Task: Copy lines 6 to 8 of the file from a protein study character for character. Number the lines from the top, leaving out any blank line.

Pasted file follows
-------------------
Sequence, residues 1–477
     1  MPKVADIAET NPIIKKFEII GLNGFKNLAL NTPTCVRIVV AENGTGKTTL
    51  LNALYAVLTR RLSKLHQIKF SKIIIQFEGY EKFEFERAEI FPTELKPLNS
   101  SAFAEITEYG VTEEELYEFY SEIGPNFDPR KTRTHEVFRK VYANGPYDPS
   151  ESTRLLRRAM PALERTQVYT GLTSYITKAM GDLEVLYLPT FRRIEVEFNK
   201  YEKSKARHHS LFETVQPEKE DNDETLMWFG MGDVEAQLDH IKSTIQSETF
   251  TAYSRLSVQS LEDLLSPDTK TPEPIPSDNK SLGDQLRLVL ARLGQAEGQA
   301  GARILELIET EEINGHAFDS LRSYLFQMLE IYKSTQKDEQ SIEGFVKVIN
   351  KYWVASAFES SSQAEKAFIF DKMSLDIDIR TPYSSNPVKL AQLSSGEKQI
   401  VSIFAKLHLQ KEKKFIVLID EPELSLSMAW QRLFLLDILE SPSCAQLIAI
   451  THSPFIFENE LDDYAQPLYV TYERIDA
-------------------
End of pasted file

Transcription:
   201  YEKSKARHHS LFETVQPEKE DNDETLMWFG MGDVEAQLDH IKSTIQSETF
   251  TAYSRLSVQS LEDLLSPDTK TPEPIPSDNK SLGDQLRLVL ARLGQAEGQA
   301  GARILELIET EEINGHAFDS LRSYLFQMLE IYKSTQKDEQ SIEGFVKVIN